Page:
The amazement at how a German monk knew what South America looked like before any European supposedly had been there isn’t well placed when such aspects were common of maps made at the time. We know that this knowledge came from maps that were very old when mapmakers compiled the information in the 15th to 17th centuries. There really isn’t any mystery to the creation of the maps themselves. The mystery is what is our real past? If we could ask these mapmakers of five centuries ago, they could not answer us. They were just the last in a long line of people who copied and preserved very ancient knowledge. Whatever our real history is, I know it isn’t the neat and tidy story we were taught in school.
The hell with the ancients, how much do we really KNOW?
It seems that each week, we “uncover” more. More data, more information, more knowledge that indicates what we think we know is either mistaken, wrong, or just flat out wacky.
Just in the last few months, personally, I have read “Day of Deceit” that indicts FDR for inducing Pearl Harbor (If not actually, preventing its detection and mitigation). I read an article about another Kennedy assassination attempt prior to Dallas. And, see a flow of items that cast doubt about what was taught in “history”.
Certainly, maybe Mark Twain was righter than he knew. About what we think we know hurting us.
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By Robert Ringer
“Greed, for lack of a better word, is good. Greed is right,
greed works. Greed clarifies, cuts through, and captures the essence of the evolutionary spirit. Greed, in all of its forms;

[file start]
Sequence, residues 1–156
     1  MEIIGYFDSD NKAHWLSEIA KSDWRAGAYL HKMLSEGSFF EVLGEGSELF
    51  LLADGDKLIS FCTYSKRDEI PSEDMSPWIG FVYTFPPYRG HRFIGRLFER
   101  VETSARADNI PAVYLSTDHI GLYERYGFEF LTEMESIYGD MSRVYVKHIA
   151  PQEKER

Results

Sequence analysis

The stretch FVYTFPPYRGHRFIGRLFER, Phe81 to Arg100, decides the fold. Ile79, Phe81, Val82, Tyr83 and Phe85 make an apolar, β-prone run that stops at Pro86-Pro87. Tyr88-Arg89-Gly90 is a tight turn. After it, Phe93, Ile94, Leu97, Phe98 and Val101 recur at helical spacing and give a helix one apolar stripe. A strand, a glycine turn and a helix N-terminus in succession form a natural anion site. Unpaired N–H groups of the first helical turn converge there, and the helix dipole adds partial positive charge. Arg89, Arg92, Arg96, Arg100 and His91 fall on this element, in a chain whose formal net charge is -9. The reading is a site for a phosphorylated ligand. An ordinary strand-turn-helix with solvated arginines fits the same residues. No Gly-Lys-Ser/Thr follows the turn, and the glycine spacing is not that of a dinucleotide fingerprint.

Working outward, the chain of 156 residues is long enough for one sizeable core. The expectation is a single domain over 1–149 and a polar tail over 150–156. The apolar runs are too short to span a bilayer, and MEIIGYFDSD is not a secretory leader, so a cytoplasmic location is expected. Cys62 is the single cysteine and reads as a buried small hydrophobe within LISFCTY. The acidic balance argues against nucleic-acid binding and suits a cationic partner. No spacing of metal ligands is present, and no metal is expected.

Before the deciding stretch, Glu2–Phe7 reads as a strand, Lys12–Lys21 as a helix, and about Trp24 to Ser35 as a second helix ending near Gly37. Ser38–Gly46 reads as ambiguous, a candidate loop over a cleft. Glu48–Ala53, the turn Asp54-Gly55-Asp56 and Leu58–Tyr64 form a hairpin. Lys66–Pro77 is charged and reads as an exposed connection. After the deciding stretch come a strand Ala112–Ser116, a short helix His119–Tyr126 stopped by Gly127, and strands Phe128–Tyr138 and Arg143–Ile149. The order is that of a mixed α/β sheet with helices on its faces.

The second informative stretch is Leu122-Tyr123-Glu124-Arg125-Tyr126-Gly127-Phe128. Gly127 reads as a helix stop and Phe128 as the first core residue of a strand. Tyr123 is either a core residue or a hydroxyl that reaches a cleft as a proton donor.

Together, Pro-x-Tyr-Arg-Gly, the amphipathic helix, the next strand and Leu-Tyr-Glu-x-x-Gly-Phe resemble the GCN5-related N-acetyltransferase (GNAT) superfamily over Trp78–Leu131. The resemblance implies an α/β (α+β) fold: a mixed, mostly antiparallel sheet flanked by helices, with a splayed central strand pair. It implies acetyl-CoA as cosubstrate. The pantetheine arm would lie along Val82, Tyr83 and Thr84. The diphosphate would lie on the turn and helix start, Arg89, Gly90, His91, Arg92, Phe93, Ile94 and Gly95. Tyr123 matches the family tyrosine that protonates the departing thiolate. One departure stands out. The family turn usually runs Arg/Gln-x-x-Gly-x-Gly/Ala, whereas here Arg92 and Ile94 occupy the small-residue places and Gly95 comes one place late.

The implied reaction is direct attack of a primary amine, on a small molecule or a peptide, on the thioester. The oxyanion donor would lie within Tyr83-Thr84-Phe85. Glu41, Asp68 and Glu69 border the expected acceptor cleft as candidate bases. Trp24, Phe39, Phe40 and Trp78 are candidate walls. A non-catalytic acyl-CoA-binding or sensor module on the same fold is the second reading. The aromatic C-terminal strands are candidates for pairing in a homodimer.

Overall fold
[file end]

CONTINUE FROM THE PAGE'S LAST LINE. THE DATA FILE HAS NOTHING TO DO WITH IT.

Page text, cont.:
greed for life, for money, for love, knowledge has marked
the upward surge of mankind.”
– “Gordon Gekko” in the movie Wall Street (1987), screenplay by Stanley Weiser and Oliver Stone
The fact is that greed is neither good nor bad. It is simply a human trait. Greed is technically defined as “an excessive desire to acquire more than what one needs or deserves.” And since no one has either the moral authority or omniscience to decide what is excessive (let alone what a person needs or deserves), what greed really means is desire. And everyone has desires – for wealth, power, prestige, love, understanding. No end to the list.
It’s very interesting the paradox for greed.
One can only get rich by making your fellow humans give you certificates of appreciation. (Money!) The more you serve others the more certificates you earn. You can exchange these certificate for the goods and services of your fellow human.
So be as “greedy” as your miserable nasty grim soul drives you to be.
It means you are actually cooperating in the strange Kabuki dance that we call the “free market”.
It fascinates me that “greed” actually drives “social cooperation”.
You have to admire the Intelligent Designer’s sense of humor!